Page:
Square stitch is one of the lesser-practised bead-weaving techniques. It is most often seen in its flat form, where the beads sit squarely on top of one another. Square stitch looks exactly like loom woven beadwork, but it can be a more appealing alternative as it avoids the need to set up a loom with all the warp and weft threads.
This stitch is most commonly used to bead images as you can easily create charts, so it becomes rather like painting with beads. It is also easy to convert a cross stitch chart into a piece of beaded square stitch. Most commonly this stitch is worked with seed beads. Delicas make a particularly good choice because their very regular shape allows you to create really regular pieces of beadwork.
You can also use a square stitch base and work herringbone or brick stitch from it to create more interesting shapes. Alternatively, it is possible to bead a square stitch strip and then join the ends to form a tube. However, this stitch has a very firm feel, so it lends itself best to flat beadwork, in my opinion. If you are looking to make a tube, you can actually achieve a similar look using herringbone and it will be a little more flexible.
Increasing and decreasing in square stitch works a little differently to other bead-weaving techniques. an increase tends to mean you are lengthening the row, a decrease will shorten it. This gives potential for creating flat shapes (like the leaf in the photo), but unlike peyote or brick stitch, square stitch isn’t quite as well adapted to creating in three dimensions…although, to be fair, I have yet to explore this fully!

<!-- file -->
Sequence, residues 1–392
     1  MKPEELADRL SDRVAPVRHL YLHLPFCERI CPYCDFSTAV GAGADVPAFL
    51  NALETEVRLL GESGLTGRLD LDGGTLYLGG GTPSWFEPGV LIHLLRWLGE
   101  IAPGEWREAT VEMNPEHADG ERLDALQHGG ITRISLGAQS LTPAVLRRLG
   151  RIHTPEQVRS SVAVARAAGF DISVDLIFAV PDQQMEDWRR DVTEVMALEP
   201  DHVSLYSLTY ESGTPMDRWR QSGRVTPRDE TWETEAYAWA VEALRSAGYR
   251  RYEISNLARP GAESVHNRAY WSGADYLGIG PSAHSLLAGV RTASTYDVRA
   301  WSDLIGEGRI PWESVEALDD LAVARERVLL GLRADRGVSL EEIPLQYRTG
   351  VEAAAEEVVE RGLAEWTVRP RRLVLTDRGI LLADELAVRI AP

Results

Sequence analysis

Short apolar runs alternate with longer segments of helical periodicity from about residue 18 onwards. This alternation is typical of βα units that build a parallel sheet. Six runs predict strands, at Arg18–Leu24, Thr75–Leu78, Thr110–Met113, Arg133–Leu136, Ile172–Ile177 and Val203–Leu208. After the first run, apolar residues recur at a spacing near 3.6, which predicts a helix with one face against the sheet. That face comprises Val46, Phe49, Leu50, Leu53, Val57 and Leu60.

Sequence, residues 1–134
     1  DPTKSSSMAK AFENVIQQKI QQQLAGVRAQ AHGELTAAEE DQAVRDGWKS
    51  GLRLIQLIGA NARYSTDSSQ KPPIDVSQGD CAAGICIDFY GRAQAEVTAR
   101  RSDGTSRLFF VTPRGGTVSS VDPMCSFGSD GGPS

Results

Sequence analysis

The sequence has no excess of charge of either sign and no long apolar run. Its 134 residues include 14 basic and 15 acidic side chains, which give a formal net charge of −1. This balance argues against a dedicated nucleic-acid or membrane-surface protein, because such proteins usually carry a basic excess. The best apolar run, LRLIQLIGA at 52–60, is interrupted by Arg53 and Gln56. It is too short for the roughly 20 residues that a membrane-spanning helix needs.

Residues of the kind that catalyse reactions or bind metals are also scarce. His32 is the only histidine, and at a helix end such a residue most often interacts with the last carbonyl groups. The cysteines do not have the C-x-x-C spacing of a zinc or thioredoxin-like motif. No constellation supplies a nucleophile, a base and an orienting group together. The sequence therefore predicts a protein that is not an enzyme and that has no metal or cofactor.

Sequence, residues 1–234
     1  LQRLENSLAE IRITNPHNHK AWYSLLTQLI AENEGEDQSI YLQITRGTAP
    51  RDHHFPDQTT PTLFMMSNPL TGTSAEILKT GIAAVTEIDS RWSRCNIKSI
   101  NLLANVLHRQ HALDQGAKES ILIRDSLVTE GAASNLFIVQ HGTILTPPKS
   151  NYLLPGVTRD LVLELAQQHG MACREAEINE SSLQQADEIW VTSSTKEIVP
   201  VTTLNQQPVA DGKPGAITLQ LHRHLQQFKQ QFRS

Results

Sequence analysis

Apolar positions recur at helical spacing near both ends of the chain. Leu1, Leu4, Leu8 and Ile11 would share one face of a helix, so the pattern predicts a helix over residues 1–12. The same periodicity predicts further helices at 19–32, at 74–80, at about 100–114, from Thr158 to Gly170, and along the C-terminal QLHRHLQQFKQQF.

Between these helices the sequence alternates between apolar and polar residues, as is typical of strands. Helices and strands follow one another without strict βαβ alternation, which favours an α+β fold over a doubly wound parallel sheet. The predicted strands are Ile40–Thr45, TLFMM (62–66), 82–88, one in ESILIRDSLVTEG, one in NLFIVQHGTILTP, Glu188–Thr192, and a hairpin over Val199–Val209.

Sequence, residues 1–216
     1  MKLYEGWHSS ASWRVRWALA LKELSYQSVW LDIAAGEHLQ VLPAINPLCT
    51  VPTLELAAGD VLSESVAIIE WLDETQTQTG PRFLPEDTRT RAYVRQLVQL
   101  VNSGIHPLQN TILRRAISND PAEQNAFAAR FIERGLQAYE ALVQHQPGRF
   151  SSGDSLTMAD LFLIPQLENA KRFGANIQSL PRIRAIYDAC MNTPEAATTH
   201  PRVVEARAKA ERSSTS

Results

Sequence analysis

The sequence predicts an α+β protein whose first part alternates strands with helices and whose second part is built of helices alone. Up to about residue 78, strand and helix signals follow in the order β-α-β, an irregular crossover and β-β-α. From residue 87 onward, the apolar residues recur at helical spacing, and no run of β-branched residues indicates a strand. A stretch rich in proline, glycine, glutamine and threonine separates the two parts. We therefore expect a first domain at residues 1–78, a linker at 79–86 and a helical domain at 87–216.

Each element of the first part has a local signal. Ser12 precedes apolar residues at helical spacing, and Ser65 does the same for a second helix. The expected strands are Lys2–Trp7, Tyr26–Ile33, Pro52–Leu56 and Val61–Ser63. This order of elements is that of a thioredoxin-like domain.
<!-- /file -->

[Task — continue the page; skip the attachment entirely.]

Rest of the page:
There are two different ways of starting square stitch. It is still worked back and forth, building up row by row. You can create the first row by using a stop bead and threading a number of beads. The second row is then worked back, adding beads one at a time on top of your first row. I have found though that it is possible to use a herringbone type stitch to create the first two rows of the square stitch. This creates a firmer base and gives you a little more beading to hold onto. The biggest problem with most bead-weaving techniques is that they start with such a narrow strip of beads that there isn’t much to hold onto. The stitching becomes easier as you add more rows and have more to hold. If you are interested in learning how to work in square stitch, this free tutorial will give you a good start.